Here are six wacky rig fishing tips that will help you catch more fish:
Mix it Up
A great tip that I learned years ago while fishing with a friend is to mix up how and where you place the hook. I always start by rigging my hook in the middle of the bait, but slightly adjusting your hook into different positions is a great way to mix up the action of your presentation and give the bass a different look.
Target High Percentage Areas
The wacky rig is a slow finesse bass fishing technique, because of this it’s best to throw it in areas where you know there is fish. Use a search bait like a crankbait or spinnerbait to find where the fish are at.
Then you can slow down with the wacky rig and pick these high percentage areas apart. This will help you be more efficient and catch a lot more fish.
Use the Right Color
Make sure to remember to adapt your bait color selection to the conditions you are faced with. In clear water, high visibility situations natural colors like green pumpkin and brown will be best. If are fishing in low water clarity or early in the morning darker colors like black and blue and junebug will outperform.
Try Different Sizes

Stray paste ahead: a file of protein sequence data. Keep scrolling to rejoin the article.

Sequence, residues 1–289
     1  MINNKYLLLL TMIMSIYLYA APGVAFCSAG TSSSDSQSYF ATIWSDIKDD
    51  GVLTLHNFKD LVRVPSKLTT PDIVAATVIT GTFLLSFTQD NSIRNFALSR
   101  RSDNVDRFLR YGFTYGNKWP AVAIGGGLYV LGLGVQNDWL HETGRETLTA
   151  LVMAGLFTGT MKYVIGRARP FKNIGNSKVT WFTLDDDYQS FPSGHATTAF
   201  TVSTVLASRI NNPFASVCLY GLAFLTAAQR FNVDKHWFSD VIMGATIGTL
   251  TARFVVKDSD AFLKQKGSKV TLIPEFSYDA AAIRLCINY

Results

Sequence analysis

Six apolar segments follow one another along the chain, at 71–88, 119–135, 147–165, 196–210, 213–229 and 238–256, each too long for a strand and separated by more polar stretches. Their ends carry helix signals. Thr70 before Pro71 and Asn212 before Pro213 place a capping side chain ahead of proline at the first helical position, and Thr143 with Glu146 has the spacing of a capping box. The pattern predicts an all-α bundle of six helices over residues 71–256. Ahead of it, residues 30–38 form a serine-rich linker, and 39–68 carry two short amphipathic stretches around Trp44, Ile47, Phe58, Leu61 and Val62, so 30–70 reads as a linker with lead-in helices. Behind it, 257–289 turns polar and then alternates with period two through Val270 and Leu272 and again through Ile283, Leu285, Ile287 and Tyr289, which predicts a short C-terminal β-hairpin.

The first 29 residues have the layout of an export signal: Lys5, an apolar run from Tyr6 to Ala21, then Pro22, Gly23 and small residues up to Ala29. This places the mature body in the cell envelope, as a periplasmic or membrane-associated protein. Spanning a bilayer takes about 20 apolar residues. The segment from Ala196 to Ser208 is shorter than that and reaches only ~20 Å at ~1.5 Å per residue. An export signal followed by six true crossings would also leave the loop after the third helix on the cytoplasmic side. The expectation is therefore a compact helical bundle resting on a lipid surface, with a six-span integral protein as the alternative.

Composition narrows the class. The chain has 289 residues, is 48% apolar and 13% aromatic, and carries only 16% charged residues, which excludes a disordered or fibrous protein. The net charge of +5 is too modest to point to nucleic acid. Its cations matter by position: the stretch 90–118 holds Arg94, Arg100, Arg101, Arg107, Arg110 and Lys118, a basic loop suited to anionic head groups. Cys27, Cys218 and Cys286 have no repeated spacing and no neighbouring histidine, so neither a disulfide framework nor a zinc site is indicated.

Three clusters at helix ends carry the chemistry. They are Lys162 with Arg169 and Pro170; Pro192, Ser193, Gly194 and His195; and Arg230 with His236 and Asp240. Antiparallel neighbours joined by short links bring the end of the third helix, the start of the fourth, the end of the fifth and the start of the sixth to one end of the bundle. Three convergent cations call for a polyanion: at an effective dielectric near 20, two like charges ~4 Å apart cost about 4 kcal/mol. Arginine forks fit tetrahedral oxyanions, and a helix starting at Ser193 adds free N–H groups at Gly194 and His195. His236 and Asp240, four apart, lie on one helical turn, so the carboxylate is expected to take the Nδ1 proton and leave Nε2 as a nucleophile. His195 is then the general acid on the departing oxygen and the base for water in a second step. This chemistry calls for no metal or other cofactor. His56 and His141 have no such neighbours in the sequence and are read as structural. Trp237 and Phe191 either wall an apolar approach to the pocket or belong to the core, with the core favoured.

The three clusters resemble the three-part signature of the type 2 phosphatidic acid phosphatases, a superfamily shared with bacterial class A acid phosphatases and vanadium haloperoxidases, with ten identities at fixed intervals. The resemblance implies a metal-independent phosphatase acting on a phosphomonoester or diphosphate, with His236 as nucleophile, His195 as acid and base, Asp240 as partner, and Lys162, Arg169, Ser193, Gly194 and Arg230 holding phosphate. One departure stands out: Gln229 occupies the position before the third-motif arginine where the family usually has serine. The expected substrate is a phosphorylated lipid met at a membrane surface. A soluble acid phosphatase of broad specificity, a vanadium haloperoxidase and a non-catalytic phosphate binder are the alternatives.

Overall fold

Stick baits like the senko come in a variety of different sizes and depending on your fishery you might want to experiment with different ones.
For example, if you are targeting big fish on Clear Lake try using the larger 6” or 7” sizes. On the other hand, if you are targeting smaller fish or are struggling to get bit, down size to the 5” or 4”.
Less is More
A common mistake that I see anglers make while fishing the wacky rig is that they over work the bait. The bait will do most of the action. Just make sure you are letting it fall naturally and are ready for when a bite comes.
Try the Neko Rig
If you are fishing a wacky rig senko but find that the fish are holding more toward the bottom in deeper water. Try switching to the neko rig by simply adding a nail wait to the bottom of your senko.
This will allow you to fish your wacky rig at the bottom of the water column where you can catch those deeper fish. Here are some more tips on how to fish a neko rig.
When things get tough or you just want to catch a lot of fish you need to go with a finesse presentation. One of my favorite finesse techniques is a wacky rig.
A wacky rig is a great way to catch a ton of bass and is a rig that every angler needs to have in their arsenal. I would highly recommend you try out the things we have discuss in the article and you’ll have a lot of fun and catch ton of bass.